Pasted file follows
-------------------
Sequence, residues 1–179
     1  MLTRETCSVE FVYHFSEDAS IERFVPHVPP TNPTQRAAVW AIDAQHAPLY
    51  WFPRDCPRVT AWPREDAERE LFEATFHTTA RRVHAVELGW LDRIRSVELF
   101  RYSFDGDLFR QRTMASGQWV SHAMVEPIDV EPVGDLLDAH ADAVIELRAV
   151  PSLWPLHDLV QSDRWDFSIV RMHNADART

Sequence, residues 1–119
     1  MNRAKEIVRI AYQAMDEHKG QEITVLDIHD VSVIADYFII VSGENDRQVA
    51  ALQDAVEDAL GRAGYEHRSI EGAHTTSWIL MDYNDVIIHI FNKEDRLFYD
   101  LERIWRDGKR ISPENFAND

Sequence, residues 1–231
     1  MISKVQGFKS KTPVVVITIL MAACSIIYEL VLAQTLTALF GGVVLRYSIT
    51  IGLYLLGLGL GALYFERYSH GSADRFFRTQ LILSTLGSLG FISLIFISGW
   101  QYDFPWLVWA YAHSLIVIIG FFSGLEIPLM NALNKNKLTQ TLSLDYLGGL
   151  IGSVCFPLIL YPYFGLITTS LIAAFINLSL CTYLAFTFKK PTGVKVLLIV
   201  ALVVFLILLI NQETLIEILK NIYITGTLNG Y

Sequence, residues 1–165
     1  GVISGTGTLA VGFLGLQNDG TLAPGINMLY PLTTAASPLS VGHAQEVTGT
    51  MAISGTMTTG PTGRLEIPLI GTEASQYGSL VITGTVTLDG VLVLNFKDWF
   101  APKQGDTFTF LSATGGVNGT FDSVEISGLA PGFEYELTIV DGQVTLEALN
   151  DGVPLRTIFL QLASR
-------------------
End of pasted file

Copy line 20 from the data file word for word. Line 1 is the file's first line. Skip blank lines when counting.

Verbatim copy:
   151  DGVPLRTIFL QLASR